jacob detering is making records

Icon... The endless quest to make a record that I enjoy listening to ...

The Creative Climate

I've spent the last few days in the studio with New Hampshire artist Amy Petty helping to navigate the production of her new record. I'm not sure if it's that I'm tired or that I'm getting my first dose of sunlight in what feels like months but something has me mulling over the process of record making. It's been a few years since the release of 'Mystery Keeps You'. Last Spring, Amy and I started toying with the idea of embarking on her second record. Directionally, our biggest concern was that the new record not be a remaking or re-inventing of 'Mystery'.

Fast forward almost a year, skip over the week I spent in New Hampshire wading through Amy's catalog of material to me sitting at my console, listening to possibility. I'll be honest, here - making records from scratch takes a strong stomach. It's not a job for those uncomfortable with uncertainty and being uncomfortable. Even after steering dozens of records to completion, I still find the process a bit unnerving.

While a great amount of care is taken to select and then tweak the source material (songs) , each tune must still endure quite a bit to reach completion. The right part, played by the right instrument, performed by the right player, captured by the right microphone positioned at just the right place all impact the end result. A well written song aside, the above things are what make or break a song's ability to elicit an emotive response from the listener.

At the end of the day, about all that comforts my record making anxiety is the team of people surrounding me. I am at best, an average musician with a few good ideas. My strength has always been in surrounding myself with amazing musicians; selfless players that aspire to make great, emotive records. I like to call them all 'ultimate character actors' in that while each of them is brilliant, skilled and accomplished in their own right, they choose to play whatever roll necessary to further the story. They truly play for the song.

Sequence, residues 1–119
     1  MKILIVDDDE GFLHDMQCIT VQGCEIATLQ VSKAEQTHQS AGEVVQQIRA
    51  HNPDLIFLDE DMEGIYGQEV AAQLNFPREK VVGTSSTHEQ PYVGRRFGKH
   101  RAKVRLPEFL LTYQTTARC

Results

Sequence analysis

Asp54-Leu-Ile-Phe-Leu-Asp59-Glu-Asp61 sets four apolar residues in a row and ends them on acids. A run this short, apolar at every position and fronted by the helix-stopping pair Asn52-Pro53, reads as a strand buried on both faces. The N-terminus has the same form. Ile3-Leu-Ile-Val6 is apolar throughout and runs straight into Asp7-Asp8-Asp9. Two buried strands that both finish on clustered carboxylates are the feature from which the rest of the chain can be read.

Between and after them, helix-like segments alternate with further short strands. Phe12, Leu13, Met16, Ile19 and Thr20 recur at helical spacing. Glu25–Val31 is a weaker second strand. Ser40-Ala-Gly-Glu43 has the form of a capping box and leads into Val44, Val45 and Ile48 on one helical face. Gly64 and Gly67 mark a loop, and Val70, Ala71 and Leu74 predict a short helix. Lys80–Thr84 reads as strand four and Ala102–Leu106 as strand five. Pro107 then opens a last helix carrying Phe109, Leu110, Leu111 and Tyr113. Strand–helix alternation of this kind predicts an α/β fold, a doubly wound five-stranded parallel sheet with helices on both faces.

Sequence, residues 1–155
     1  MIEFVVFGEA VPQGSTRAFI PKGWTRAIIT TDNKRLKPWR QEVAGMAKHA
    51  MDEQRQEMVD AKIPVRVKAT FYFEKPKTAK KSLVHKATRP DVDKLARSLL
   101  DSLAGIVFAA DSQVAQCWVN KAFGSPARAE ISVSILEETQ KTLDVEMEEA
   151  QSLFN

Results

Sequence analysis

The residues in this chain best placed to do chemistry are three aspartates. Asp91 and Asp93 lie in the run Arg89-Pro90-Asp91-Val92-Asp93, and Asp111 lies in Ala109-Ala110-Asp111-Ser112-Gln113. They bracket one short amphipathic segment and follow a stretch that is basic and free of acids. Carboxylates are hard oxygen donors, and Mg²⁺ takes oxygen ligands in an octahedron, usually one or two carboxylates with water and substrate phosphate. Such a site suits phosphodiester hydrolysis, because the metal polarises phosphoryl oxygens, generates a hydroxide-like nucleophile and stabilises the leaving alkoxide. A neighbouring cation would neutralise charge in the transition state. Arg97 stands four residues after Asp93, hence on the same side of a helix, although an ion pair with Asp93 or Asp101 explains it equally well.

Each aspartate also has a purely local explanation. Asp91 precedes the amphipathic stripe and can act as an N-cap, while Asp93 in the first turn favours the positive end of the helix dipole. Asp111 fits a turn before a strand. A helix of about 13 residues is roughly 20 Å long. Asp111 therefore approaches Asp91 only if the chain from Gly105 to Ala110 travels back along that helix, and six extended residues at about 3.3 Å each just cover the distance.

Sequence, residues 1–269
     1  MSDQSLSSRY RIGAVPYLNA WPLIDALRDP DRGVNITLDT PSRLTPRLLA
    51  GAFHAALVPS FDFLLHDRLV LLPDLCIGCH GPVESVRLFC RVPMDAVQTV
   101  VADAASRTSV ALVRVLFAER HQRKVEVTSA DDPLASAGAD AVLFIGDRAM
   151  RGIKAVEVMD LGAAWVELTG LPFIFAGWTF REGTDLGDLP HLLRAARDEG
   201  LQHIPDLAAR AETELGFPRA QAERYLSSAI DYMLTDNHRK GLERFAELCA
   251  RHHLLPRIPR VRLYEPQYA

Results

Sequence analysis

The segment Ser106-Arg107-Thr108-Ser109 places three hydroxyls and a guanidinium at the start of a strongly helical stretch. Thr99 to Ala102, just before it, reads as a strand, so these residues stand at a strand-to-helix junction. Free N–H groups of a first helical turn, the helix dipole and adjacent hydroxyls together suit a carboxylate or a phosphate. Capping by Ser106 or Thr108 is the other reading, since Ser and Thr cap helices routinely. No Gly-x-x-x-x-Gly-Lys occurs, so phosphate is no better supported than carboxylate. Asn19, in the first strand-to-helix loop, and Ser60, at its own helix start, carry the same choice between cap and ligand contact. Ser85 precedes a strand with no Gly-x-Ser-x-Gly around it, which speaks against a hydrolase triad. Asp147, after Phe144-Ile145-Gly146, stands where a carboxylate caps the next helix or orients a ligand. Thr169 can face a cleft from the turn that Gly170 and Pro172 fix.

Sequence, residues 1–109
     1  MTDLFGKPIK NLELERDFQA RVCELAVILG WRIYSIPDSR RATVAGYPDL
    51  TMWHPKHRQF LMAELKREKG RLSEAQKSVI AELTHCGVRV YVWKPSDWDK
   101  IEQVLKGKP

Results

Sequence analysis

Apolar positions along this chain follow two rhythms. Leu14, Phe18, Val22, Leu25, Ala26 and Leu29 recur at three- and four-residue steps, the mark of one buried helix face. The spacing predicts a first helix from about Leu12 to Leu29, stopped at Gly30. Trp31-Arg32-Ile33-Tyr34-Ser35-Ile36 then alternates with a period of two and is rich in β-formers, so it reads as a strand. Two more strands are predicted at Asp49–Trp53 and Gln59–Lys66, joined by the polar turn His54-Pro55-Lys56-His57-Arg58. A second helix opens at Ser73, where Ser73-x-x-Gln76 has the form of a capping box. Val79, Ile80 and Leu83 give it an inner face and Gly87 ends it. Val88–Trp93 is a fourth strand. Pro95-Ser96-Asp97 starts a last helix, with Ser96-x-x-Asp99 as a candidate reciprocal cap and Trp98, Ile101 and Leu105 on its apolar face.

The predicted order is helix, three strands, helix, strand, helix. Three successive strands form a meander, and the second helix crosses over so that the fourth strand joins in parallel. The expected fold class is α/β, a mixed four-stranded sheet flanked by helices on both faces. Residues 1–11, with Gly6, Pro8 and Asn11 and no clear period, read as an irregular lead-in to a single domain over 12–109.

Beyond their art, they are all easy people. As session drummer Joe Meyer told me once: "We make records here. If you are here, the expectation is that you can play. From there it's all about donuts and coffee. Can you sit and make your client feel at ease and as if everything is under control? Can you hang?"

Instead of trying to remove discomfort from the process, my new goal is to get more comfortable being uncomfortable. After all, great art is born at the fray of normalcy; reaching into the unknown is always a bit scary. And too, have the courage to let other people (the right people) into the process. It's difficult to create something new and other worldly when creating in a vacuum. And most important (most obvious and often overlooked) let the team know and feel their value.

It's an honor and a privilege, guys. It really is.


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